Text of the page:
This week, Sir Alex Ferguson surprised the soccer world by resigning as the head man at Manchester United. During his remarkable 26 years at Man U, he led the club to 13 English championships and two European ones.
At age 71 Ferguson was known to be close to retirement. But few expected he would retire this year.
Almost immediately, Man U ended speculation over his replacement by naming David Moyes, Everton’s long-time manager. This announcement wasn’t a shock. Moyes is generally considered Britain’s second best manager, behind Ferguson. And it was known that Fergie admires his fellow Scotsman.
On the other hand, I’m sorry to admit, Moyes has no experience managing a club approaching the magnitude of Manchester United. At Everton, his mission, at first, was just to avoid a relegation scrap. He accomplished this with such aplomb that his mission became finishing in the top six, or so, ahead of all clubs that don’t spend freely. This too, he generally accomplished.
At Man U, however, the mission will be to win the Premier League title and to challenge for the European Champion’s League crown. Moyes has very limited experience, and less success, competing in Europe.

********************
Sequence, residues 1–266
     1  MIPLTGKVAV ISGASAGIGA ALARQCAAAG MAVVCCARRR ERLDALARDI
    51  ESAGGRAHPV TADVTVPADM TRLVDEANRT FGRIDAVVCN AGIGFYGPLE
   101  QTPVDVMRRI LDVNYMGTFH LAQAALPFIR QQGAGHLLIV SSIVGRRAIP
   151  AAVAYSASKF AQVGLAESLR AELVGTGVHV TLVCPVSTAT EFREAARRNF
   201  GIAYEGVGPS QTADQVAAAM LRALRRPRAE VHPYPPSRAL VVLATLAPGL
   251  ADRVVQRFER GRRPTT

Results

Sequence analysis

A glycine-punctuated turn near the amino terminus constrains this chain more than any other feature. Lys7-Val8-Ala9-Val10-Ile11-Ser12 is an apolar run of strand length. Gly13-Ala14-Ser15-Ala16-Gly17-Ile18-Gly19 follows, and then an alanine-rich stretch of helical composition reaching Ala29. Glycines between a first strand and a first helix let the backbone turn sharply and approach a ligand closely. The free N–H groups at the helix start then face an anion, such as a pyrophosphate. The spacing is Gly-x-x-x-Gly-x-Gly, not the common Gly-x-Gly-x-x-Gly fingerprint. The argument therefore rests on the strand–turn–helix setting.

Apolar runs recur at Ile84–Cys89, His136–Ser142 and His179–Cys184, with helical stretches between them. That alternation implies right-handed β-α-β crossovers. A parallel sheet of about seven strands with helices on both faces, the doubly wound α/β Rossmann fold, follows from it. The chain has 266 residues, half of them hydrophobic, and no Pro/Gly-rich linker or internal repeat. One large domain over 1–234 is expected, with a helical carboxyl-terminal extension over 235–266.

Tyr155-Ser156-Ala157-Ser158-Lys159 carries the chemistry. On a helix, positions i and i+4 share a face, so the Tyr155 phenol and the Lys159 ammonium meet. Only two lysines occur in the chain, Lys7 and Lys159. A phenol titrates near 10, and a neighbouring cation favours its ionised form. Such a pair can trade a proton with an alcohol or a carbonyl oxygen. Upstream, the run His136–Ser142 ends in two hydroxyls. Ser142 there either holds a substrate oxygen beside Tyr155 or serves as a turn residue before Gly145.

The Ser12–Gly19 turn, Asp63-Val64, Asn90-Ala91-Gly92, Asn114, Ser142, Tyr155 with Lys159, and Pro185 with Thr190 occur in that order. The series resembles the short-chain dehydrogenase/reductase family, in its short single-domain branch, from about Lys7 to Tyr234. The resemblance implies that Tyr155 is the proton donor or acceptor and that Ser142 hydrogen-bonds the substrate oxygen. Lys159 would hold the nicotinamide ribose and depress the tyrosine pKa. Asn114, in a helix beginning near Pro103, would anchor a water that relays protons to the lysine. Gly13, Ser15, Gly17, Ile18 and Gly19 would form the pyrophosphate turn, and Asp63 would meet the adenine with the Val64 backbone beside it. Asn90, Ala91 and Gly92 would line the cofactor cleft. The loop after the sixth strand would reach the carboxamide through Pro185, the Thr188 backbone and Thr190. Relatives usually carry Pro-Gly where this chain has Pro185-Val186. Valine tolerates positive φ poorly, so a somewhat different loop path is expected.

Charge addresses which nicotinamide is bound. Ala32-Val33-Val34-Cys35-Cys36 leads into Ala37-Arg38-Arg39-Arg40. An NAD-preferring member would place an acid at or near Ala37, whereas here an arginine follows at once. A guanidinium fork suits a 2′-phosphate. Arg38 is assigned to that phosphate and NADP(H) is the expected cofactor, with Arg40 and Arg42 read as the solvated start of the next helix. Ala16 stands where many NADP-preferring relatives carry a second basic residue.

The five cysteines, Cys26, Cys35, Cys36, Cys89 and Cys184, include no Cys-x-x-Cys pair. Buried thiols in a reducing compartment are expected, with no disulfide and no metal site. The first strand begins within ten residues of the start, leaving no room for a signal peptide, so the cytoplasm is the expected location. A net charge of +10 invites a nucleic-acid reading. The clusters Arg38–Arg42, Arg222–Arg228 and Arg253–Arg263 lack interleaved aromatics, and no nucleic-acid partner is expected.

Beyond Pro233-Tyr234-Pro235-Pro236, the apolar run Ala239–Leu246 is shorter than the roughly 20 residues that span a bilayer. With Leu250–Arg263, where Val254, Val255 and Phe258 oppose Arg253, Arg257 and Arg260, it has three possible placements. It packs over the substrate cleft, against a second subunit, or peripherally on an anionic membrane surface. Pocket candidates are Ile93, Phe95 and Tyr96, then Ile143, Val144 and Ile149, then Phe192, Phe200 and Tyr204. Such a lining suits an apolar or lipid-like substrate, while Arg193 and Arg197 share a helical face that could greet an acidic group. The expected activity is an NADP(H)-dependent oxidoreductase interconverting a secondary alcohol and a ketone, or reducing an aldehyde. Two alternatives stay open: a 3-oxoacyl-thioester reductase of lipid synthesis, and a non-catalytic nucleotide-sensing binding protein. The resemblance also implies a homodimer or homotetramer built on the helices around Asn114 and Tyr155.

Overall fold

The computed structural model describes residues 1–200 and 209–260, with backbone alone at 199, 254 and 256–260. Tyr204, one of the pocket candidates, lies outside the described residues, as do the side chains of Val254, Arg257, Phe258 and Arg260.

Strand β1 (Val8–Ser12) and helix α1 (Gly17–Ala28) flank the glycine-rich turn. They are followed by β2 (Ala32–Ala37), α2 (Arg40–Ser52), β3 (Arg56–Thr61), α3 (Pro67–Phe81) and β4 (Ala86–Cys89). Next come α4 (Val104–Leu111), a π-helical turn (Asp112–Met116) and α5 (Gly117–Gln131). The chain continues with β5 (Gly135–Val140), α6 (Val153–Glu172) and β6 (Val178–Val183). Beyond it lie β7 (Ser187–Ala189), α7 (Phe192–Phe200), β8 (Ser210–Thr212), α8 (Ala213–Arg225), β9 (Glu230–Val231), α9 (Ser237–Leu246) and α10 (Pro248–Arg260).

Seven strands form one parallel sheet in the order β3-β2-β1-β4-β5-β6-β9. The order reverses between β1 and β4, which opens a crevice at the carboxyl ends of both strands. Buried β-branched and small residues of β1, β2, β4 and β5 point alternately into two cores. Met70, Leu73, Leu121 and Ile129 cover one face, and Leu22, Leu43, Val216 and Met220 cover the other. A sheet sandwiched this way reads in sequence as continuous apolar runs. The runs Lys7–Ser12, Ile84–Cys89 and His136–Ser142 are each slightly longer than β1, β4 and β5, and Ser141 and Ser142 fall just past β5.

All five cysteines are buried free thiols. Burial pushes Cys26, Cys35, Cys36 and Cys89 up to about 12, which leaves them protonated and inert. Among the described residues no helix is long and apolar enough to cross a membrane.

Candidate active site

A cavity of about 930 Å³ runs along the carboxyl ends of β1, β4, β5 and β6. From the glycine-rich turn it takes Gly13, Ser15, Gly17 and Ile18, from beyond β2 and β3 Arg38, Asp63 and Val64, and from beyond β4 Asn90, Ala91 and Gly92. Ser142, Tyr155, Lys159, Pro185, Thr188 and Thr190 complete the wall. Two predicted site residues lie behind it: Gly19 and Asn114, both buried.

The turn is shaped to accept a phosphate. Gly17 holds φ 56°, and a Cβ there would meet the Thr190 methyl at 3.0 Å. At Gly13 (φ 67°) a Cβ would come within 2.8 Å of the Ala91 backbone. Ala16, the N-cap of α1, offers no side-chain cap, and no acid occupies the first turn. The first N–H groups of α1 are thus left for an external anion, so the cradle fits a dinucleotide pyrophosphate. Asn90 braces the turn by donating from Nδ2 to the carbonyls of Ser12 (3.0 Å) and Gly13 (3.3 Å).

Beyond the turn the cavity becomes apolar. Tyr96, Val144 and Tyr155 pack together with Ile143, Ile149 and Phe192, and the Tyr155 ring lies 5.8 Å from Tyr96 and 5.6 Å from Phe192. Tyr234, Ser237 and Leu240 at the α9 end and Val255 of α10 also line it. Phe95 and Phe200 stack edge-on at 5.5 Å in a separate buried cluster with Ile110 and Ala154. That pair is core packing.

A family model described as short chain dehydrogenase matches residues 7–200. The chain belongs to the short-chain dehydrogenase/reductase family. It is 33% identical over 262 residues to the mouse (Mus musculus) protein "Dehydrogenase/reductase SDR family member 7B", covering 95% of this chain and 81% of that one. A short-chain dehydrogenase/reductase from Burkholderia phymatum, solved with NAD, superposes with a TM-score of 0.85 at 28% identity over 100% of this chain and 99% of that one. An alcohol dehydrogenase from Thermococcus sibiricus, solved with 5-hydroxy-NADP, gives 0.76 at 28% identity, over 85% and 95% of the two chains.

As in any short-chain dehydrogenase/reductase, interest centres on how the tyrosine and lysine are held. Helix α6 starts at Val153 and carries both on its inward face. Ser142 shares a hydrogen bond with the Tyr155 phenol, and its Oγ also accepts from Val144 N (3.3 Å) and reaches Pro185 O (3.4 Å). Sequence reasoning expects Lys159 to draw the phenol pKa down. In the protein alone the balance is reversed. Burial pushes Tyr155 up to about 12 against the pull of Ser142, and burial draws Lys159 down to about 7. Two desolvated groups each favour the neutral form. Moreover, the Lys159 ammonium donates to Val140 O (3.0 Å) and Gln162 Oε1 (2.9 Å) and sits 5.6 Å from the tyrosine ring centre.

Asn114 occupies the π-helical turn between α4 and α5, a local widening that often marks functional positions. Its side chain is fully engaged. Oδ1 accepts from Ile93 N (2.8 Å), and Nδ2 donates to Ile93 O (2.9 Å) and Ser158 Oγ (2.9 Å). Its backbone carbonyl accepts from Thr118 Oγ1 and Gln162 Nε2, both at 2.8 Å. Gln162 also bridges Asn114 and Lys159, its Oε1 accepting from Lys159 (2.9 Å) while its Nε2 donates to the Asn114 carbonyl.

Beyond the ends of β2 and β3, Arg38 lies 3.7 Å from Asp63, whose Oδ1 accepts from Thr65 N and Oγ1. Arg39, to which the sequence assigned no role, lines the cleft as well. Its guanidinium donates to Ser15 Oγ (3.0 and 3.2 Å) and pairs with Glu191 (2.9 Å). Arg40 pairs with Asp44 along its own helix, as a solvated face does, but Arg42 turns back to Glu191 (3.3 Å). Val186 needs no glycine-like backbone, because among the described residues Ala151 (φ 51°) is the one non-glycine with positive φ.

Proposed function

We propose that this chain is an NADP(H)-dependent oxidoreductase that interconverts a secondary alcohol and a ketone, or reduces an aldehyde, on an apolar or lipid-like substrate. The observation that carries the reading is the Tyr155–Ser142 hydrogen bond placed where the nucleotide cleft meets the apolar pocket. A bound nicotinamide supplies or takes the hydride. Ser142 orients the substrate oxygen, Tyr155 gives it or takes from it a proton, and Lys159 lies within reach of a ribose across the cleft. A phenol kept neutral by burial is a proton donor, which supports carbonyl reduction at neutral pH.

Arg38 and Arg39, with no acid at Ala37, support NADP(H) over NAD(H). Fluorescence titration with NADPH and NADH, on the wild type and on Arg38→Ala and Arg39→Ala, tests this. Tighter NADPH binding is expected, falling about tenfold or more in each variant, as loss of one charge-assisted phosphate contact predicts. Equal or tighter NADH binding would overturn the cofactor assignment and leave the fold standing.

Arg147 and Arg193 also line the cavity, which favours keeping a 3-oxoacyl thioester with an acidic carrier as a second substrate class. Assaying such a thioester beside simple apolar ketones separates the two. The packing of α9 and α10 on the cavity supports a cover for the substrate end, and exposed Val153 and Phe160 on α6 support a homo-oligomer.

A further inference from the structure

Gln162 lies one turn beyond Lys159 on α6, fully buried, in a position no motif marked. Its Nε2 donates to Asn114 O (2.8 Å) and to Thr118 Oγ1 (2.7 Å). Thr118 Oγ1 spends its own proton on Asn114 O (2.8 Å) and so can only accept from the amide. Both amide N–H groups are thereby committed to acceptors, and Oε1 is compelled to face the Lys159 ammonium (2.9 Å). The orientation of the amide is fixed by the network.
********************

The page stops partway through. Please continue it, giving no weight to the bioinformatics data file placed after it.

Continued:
Thus, the consensus is that Man U would have been better served by a foreign manager with lots of European experience. And many believe that Moyes will be in over his head.
I’ve been singing Moyes’ praises for years on Power Line. While the Man U job is a big step up, I think he is a good selection.
Will he deliver a major trophy nearly every year, as the United fans will expect? Unlikely. Will he deliver one every other year, as they will demand? That’s a tall order too.
United has an aging core of stars and a number of outstanding young players (e.g., Phil Jones, Tom Cleverly, Chris Smalling, and Danny Welback) who haven’t quite established themselves as capable of leading the team to trophies. And in-his-prime star Wayne Rooney, with whom Moyes clashed over Rooney’s departure from Everton, is probably on his way out at United.
Without the addition of one or two stars in their prime, there could be a slight down period ahead for Man U regardless of the manger. And if the core of young players doesn’t deliver, Man U could be in trouble, relatively speaking.
But I wouldn’t underestimate Our Davey’s ability to make it all work at Old Trafford, though not at the same level Sir Alex did.
What Moyes’ departure means for Everton will be the subject of an upcoming post.